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Seldom, indeed, has the physician been found deaf to a legitimate call for his services, a shirker when confronted with duty, or a coward. Neither has his apparent disregard for personal comfort and security been based upon ignorance of possible consequences to himself. At the present time it must be exceedingly rare for an emergency to arise in which a physician finds it necessary to aspirate a diphtheritic membrane from the larynx of a dying child by mouth to mouth contact. It was not the discovery of the Klebs-Loeffler bacillus, however, which caused this act of heroism to become all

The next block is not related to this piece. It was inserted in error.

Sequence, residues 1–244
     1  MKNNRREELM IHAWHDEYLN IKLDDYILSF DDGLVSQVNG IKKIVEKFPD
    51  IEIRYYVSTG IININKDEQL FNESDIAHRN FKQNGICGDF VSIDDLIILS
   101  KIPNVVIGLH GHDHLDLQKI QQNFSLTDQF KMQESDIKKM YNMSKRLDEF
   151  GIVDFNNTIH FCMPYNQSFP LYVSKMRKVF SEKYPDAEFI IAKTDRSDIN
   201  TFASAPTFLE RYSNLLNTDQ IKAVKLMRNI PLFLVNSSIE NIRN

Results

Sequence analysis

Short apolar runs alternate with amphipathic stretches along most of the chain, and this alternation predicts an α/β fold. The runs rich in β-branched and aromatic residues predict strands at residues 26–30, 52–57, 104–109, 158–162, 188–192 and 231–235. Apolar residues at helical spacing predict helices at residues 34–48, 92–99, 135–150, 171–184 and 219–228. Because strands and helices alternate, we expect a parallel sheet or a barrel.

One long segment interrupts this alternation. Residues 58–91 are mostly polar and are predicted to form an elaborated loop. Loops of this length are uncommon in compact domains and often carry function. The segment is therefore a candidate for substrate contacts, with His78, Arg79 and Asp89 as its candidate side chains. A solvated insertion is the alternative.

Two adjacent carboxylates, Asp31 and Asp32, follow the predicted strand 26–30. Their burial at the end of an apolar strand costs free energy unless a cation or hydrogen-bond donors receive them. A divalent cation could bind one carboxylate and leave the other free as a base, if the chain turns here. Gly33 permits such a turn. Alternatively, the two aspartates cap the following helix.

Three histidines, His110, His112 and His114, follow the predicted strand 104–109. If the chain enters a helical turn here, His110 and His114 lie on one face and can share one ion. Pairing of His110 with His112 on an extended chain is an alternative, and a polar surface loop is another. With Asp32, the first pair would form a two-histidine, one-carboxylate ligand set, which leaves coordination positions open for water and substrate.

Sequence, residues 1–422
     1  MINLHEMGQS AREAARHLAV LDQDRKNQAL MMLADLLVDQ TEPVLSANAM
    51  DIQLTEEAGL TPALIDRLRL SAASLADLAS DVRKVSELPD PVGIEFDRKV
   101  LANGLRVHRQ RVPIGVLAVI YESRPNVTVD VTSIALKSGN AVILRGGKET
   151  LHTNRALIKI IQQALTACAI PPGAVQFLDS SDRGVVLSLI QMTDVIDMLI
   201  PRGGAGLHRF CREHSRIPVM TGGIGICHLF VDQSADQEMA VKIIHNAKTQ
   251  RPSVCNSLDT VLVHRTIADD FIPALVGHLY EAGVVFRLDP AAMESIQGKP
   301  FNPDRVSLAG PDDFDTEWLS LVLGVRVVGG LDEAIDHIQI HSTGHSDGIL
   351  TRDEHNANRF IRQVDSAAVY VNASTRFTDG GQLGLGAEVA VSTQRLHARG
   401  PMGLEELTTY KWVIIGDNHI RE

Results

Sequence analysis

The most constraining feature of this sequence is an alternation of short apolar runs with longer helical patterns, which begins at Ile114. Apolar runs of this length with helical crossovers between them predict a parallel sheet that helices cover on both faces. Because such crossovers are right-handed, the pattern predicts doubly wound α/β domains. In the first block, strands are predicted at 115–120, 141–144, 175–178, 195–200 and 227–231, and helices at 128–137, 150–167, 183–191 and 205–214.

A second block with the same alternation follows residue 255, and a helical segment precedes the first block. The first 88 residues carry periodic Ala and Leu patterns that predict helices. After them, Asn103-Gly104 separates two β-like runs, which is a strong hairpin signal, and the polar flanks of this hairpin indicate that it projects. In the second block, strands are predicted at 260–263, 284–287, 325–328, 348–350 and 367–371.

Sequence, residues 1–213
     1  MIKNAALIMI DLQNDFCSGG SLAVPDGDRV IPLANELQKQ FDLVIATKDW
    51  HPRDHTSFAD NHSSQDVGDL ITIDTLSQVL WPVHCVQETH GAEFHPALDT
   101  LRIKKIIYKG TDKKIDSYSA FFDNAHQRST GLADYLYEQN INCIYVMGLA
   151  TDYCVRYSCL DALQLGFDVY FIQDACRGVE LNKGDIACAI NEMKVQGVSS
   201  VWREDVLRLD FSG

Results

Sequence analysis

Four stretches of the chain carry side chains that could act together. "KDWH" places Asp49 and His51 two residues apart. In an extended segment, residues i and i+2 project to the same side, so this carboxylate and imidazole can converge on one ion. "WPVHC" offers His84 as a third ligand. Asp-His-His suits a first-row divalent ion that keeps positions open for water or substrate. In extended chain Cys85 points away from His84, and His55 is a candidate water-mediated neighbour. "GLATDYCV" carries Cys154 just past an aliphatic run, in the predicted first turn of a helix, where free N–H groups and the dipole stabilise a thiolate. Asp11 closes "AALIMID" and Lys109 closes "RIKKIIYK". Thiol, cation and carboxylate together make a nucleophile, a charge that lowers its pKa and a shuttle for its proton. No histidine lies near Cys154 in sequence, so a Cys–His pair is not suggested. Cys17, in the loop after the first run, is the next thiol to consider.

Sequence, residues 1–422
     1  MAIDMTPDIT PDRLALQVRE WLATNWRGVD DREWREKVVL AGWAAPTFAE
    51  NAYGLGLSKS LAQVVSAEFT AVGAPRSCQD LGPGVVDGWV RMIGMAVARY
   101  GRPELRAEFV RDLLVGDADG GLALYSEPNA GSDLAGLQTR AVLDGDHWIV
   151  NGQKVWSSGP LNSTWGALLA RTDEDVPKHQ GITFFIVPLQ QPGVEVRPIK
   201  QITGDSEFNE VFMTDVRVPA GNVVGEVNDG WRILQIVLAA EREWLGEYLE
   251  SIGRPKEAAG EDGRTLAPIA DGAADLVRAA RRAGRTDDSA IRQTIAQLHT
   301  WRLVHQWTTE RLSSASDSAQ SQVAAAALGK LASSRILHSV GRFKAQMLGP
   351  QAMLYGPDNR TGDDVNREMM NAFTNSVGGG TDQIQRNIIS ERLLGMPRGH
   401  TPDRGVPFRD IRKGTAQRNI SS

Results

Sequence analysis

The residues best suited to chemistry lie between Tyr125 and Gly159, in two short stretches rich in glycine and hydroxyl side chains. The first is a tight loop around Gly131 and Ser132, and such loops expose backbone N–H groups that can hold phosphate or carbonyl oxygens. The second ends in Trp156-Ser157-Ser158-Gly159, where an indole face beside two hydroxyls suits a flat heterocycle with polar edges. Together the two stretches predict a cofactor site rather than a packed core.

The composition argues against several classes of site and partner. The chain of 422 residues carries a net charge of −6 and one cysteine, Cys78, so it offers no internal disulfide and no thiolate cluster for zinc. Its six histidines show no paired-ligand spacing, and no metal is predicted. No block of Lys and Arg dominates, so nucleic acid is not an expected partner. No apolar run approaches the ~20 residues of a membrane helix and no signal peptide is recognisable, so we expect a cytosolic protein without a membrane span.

SAFETY FIRST. Ann Intern Med. ;5:804–805. doi: 10.7326/0003-4819-5-6-804
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Published: Ann Intern Med. 1931;5(6):804-805.
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Print ISSN: 0003-4819 | Online ISSN: 1539-3704
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